Teamwork is the ultimate company advantage and a remarkable sight when you see it in action. While it is a word that leaders freely toss about like it is a common reality, the truth is teamwork does not just happen.
There is a lot of effort involved in getting your team to collectively move forward with single-mindedness of purpose. You may have the perfect business model, but it requires the buy-in of everyone. When that does not happen, you must identify the obstacles that are preventing you from having a cohesive and effective team.
Imagine a work environment where everyone puts the interests of others first, where supervisors and employees freely mentor one another, where taking risks is encouraged, and people are given credit for their accomplishments – a place where everyone is open to new ideas, truth and honesty are common, and trust abounds. It is a CEO’s dream, but getting to this place can be a nightmare if you do not teach and practice it every day.
The late, great Vince Lombardi described teamwork perfectly. He said, “Individual commitment to a group effort – that is what makes a team work, a company work, a society work, a civilization work.”
Picture yourself playing quarterback in the Super Bowl. You huddle up and call a play. To your detriment, a wide receiver and lineman are not confident in your decisions, so they were not tuned in and completely miss what you say. When the ball is snapped, your wide receiver cuts right instead of going down the field, so there is no one to catch your pass. Worse still, your lineman fails to block a rusher and you are wide-open to get smashed. At this point, what the other nine players do is irrelevant.
Will you make that play? Short of a miracle, no way.
As the CEO of eight companies, I am in meeting after meeting with our teams. We huddle up and discuss a range of topics including planning, scheduling, forecasting, and goal setting. I leave some meetings knowing the team is all on the same page and ready to tackle the world. However, at other meetings, I am not even certain if they are playing the same game. Without fail, the companies that produce the best results and are much more profitable are the ones where everyone is on the same page.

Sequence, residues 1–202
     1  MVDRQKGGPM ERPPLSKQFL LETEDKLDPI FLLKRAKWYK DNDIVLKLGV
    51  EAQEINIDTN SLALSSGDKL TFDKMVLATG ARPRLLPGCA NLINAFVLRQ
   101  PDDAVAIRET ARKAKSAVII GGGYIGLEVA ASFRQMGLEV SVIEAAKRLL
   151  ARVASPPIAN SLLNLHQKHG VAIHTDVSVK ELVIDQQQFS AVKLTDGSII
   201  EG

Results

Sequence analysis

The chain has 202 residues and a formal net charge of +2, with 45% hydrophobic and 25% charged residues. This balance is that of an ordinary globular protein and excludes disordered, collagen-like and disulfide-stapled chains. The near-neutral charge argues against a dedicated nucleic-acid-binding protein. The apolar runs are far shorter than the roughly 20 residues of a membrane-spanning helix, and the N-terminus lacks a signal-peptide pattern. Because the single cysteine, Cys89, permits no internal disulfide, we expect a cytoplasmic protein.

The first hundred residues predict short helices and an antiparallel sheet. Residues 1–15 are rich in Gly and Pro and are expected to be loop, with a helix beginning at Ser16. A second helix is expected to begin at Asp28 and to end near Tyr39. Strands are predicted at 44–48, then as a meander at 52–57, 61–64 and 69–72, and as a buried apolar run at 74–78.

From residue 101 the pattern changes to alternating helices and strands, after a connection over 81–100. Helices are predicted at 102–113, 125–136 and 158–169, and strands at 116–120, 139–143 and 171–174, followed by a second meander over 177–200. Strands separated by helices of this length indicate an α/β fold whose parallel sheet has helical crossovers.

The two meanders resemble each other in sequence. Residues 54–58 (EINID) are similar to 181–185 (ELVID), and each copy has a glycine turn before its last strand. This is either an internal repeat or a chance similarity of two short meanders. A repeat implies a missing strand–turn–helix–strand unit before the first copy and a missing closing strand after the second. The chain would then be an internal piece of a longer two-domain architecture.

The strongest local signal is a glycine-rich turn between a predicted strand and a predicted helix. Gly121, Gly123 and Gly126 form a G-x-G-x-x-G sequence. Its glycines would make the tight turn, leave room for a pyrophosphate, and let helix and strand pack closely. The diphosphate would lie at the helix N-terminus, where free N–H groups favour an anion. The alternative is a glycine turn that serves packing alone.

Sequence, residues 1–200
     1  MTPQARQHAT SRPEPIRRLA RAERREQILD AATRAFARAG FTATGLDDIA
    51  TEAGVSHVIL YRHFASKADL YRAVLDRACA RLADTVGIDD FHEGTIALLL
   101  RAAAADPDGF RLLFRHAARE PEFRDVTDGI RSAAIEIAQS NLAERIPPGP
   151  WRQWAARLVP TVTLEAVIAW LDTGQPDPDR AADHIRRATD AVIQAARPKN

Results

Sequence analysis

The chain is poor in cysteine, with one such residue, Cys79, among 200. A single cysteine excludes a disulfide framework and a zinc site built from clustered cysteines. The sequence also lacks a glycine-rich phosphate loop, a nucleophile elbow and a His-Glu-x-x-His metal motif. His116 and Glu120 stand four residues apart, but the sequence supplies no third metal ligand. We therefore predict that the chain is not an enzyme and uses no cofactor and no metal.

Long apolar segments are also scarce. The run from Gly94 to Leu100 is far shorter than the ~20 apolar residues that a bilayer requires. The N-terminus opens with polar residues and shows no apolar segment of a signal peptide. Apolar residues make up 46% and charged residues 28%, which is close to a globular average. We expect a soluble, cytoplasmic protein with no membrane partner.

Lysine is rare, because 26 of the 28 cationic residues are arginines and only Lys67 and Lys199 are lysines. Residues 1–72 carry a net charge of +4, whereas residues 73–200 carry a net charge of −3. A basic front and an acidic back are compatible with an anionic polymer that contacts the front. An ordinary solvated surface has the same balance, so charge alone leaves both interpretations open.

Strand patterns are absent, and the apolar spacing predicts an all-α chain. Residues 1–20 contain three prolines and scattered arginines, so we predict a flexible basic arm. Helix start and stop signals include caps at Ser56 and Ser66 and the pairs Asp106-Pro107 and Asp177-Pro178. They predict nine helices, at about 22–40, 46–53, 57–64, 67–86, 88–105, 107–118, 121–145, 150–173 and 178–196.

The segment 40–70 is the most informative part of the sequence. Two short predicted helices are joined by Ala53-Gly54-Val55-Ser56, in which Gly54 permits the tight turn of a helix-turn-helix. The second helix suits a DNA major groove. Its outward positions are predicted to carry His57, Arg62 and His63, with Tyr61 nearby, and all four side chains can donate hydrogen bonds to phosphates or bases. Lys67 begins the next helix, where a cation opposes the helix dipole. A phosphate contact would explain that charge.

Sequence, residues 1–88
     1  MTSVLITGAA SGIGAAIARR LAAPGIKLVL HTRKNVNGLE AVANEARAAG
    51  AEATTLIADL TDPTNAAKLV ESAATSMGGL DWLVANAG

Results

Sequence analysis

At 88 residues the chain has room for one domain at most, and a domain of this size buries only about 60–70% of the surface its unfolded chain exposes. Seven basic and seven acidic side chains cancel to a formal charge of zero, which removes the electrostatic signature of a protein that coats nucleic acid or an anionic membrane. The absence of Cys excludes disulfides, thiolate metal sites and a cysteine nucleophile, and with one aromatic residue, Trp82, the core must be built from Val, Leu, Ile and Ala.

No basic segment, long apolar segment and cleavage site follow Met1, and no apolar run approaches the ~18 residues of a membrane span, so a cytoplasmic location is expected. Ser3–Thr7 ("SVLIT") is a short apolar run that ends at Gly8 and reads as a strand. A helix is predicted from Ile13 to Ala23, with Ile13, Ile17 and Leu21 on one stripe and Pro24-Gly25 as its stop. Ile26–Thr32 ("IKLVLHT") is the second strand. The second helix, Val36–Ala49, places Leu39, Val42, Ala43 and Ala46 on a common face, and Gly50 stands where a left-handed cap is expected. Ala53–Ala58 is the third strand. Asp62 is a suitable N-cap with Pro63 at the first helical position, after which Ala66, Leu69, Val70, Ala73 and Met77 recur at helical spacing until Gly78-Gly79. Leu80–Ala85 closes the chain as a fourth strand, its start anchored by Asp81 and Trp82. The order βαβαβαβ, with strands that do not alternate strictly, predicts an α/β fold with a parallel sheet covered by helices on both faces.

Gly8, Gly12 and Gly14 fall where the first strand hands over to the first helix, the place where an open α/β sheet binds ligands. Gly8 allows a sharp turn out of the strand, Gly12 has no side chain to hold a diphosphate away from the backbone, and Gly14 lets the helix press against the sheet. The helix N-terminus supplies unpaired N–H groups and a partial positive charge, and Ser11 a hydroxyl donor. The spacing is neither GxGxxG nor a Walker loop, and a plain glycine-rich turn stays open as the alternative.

In the book The Five Dysfunctions of a Team by Patrick Lencioni, he identifies the five dysfunctions as:
- Absence of Trust
- Fear of Conflict
- Lack of Commitment
- Avoidance of Accountability
- Inattention to Results
I found Lencioni’s book insightful and relevant to some of the issues I experience at our companies. Therefore I am striving to align his message with our companies’ goals to effectively change the dynamics of our teams.
Absence of Trust
I believe trust must prevail in your organization, or all other elements go out the door.
Even the best teams struggle to work together to overcome distrust and office politics to achieve important goals as a cohesive, effective team. This is often due to egos and distrust getting in the way of building a well-performing team.
In my experience, those who lack trust in others are usually the least trustworthy themselves. Therefore, team members are afraid to speak up in meetings and express their opinions because they believe there will be repercussions. Out of fear, they hide issues and new ideas. As a result, the business suffers.
If you want your team to be on board and drive initiatives, encourage them to openly share their opinions. Then make sure they know you heard and understood their message.
Fear of Conflict